Here is a brand-new portion of the Stars in Heaven story, with a shift in point of view, so all italics I am afraid…
The brief repetition at the start is meant to remind us of where we began.
Today was the day. Daniel had decided: he’d had enough. So today would be the Escape. There would be no turning back…
Daniel was running as quickly as his legs could carry him down the alleyway. At the second intersection he turned left and ran harder, taking the next right and the following left. He had pushed through people rudely and carelessly: his one aim to get out of sight instantly and lose whatever pursuit had developed.
He knew Ghorf would be after him in an instant. He felt himself wishing it had been Ghorf he had kicked rather than the boy. It would have been so sweet. But all in the past now, all behind him…
But the kid had puked all over his leg. Daniel couldn’t stand that. Especially today. This day he needed to be his best, not puked on and stinking like barf. But it was too late to fix that now. It had begun, his Escape.
His wet leg worked with his left to hurry Daniel along. He could smell the kidʼs vomit as he moved, thinking vaguely, as he dodged among people who sometimes recoiled, leaving him some space, smelling the stench themselves, that this was not a good start.
But it was too late to stop. No turning back. He had heard and overheard the phrase when he accompanied his father on the long journeys to town to sell the stars. Once they were underway, after a certain distance, there was no turning back. He had come to that place for himself, in his own life. He had made the break. He had run. Now there was no turning back.
Ghorf would kill him for that confrontation just now if the old man were ever to find or catch him. No turning back.
And he dodged and turned his erratic way through the tangled routes among the thousand booths in If-naryadh’iq squared, listening keenly for outraged noise worse than what he stirred up himself. Ghorf would be after him, even without knowing where Daniel was headed, even oblivious of what Daniel had taken. After that contretemps, the old, fat ogre would be on his tail as quickly as his piggy mind sorted out the details to realize the youth was gone.
But Ghorf was old and fat, while Daniel was young. His father might be stronger, but Daniel has desperation and his dreams to wing his feet. He gloated on that thought, reaching inside his shirt for the little bag, to ensure himself that his treasure was there, safe and with him.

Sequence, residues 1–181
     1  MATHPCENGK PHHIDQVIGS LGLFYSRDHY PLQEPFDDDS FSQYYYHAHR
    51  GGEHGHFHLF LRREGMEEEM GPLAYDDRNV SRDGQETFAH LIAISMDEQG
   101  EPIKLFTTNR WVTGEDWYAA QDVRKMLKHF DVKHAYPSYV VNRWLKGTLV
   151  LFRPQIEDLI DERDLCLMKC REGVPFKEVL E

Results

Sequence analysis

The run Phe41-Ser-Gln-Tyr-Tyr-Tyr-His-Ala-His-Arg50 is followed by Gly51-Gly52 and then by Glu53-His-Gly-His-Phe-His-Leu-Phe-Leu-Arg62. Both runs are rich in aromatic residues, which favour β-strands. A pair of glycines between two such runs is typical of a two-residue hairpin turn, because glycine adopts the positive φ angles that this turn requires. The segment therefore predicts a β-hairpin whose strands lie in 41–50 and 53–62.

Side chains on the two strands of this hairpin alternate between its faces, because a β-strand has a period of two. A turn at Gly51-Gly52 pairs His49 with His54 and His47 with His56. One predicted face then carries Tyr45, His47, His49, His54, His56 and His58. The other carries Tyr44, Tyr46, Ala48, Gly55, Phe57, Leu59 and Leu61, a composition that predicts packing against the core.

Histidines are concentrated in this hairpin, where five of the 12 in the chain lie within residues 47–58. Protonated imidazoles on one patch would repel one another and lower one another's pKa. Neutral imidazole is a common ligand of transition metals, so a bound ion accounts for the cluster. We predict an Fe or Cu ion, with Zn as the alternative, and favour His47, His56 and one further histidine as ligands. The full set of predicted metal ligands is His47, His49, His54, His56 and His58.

And he collided powerfully with a large woman bending into a booth. He had tried to place his route between her and the kiosk, but something had drawn her interest and hawklike she had moved with amazing rapidity right in his way.
As he tried to wriggle out from beneath her bulk, a huge, moist hand clamped hard on his neck, the thumb all the way up under his ear into the joint of his jaw.
“In a hurry to leave, little thief?” her raucous, city-accented voice wailed from above.
“ — No thief!” Daniel managed to gasp, as she hauled him up into her view.
“What, lad? Pretty convenient accident for one whoʼs no thief.”
“And Iʼm in a hurry.”
“Clearly. And from the country, too. But not in such haste you wonʼt linger,” and she pinioned him against the booth, trapped by her massive, encompassing torso, releasing her grip on his neck and head, “while I make sure you havenʼt…” Her body shifted as she did something he couldnʼt see with his face buried in her bosom. “ — No you havenʼt. All still here.” She sounded only vaguely relieved.
She sniffed and then stepped back further, evidently scenting the still-wet puke on his leg.
“Iʼm no thief. It was just an accident.” Daniel exploded as she stepped back, effectively freeing him.
“But exactly the kind of accident little pickpockets practice to distract someone like me from her purse. Canʼt be too careful these days.” She had a huge lopsided nose squashed in the middle of lumpily shapeless face. But her eyes were large and not menacing, blue. “Go along, boy. If you are in such a hurry you canʼt avoid an obstacle as big as me, you are donʼt have time to be ogling my pert charms.”
And he didnʼt: he could hear exactly the sounds of indignation he had been dreading.
“S — sorry, maʼam!” he coughed with rural good manners as he dashed away, aware she moved immediately into her desired position against the booth.